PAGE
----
There was no critter. Like I said, the moon and stars were so bright you could read the big print in a newspaper by them. That means I wasn’t seeing flickering shadows. What I saw was no ‘shadow.’ It was a woman. She stood maybe five feet four or so, slim build, long, flowing, light-colored hair, wearing an ankle-length, neck-high, long-sleeved dress. It was dark and had some sort of figure in the cloth, but I couldn’t see what. I also couldn’t tell the color. You can’t tell colors by moonlight. Everything is black, white, or gray. The woman was carrying a wrapped bundle like you’d carry an infant. She simply walked across the trail in front of me, paying no attention to me at all, and walked into the brush on the other side of the trail. The whole episode lasted maybe ten seconds.

That’s when the horse lost it! I’m glad I had him tight-reined, because if he’d been able to get his head down he’d have unloaded me and headed for the barn at a dead run. As it was, he crow-hopped over about two acres before I could get him fully pulled in. His crow-hopping lost me my cob pipe, a pouch of tobacco, and about $3 in change from my shirt pockets. Thing was, he’d never bucked before in his life—not even when being saddle-broke. The horse trainer said “I never let him find out he could buck.”

I finally got him to stand still. I put the pistol back in the holster and strapped it down, then pulled my hat down firmly on my head. Then I eased up on the reins.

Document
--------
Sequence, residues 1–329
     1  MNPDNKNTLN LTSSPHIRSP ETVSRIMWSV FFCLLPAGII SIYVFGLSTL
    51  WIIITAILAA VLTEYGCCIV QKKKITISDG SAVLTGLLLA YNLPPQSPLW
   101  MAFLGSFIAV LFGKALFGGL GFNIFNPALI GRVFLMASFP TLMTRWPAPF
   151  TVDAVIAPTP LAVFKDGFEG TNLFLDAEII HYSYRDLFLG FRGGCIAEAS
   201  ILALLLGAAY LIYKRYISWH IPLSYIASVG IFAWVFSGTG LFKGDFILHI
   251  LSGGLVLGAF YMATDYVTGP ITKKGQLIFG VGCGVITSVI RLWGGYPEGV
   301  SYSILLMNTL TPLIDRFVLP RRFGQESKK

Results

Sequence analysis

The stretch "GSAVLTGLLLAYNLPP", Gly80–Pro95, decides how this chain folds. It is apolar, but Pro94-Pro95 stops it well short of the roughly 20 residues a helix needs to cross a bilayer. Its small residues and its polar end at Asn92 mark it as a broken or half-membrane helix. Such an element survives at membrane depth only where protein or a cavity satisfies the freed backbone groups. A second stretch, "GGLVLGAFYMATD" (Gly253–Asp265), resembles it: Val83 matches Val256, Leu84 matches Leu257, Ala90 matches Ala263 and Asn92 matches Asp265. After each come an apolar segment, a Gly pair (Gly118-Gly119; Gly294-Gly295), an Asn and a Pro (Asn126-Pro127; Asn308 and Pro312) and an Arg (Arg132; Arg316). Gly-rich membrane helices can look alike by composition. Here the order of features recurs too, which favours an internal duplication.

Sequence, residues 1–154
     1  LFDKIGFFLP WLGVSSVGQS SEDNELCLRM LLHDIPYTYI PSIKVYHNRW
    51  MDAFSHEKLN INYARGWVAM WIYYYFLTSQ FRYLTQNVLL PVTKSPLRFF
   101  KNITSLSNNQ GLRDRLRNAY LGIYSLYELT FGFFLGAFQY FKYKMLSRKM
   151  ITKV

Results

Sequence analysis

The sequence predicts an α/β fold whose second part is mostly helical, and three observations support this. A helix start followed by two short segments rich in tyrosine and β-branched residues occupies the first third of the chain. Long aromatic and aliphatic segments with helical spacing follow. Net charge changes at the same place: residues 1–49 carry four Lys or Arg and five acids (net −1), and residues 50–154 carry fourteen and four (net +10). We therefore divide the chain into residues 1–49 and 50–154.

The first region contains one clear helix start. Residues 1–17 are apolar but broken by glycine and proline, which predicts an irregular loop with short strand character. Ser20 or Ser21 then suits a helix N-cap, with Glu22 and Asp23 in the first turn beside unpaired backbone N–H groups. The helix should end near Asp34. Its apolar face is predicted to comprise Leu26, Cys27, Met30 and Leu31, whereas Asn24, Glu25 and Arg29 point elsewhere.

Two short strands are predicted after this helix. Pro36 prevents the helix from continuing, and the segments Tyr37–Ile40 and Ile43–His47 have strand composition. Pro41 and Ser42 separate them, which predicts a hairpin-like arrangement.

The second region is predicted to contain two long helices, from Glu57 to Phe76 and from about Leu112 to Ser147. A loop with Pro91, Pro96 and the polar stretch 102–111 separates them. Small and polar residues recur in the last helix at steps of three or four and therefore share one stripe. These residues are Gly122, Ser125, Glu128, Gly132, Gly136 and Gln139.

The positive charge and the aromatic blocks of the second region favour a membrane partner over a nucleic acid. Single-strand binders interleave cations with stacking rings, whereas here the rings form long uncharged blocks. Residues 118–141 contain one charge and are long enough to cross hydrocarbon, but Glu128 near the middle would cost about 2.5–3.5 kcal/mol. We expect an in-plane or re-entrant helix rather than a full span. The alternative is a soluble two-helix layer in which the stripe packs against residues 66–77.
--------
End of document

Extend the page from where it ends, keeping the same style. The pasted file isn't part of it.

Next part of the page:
He was gone like he’d been shot from a gun! It was nearly a mile from where we had the encounter to our front gate and that horse covered it at a dead run. When we got to the gate he even acted like he wanted to jump it—while carrying forty pounds of stock saddle and about 150 pounds of cowboy. I got him pulled in, but he was so nervous I couldn’t lean out of the saddle to open the gate. I had to dismount and lead him through.

I led him the quarter mile or so from the gate to the corral, put him in the dry side so he couldn’t founder himself, unsaddled him, pulled off the bridle, and put about half a coffee-can full of grain in the trough for him. He approached the trough, looked in it, snorted—and, of course, the grain flew up when he snorted into it. That horse jumped backward halfway across the corral!

I was so mad I could have chewed horseshoes and spit bullets! That crazy woman, walking across that pasture at past 10 PM, had frightened my horse half to death. I was still grumbling about it when I got to the house.

Dad gave me a funny look. “Woman?” he said. “What’s a woman doin’ walkin’ in a pasture nine miles from the nearest town, near on two miles from the nearest house, at ten o’clock at night?” I had no answer, but I knew what I’d seen.

The next week Dad was in a feed store in
Georgetown—one where a lot of the old-timers hung out. He told about this ‘cock-and-bull’ tale his son came up with about seeing a woman in the pasture in the middle of the night. He got a reaction he didn’t expect—“So the boy’s seen her too, has he?”

In 1864 a Confederate deserter named Sawyer—the first name hasn’t come down in the tale—was holed up with his wife and baby in a cabin about a mile and a half west of where I had my experience. About a half mile to the east of there there’s a large live oak. It’s called ‘Sawyer oak.’ It seems the Confederate authorities caught up with Sawyer at his cabin. They gave him a drumhead court martial and sentenced him to hang. He was hanged from what was, in 1962, still called Sawyer oak. His wife brought the baby to the site of the hanging so he could kiss it—and her—goodbye, but she got there too late. Apparently she was still trying to make it in the spring of 1864.
© C. F. Eckhardt
"Charley Eckhardt's Texas"
>
October 26, 2009 column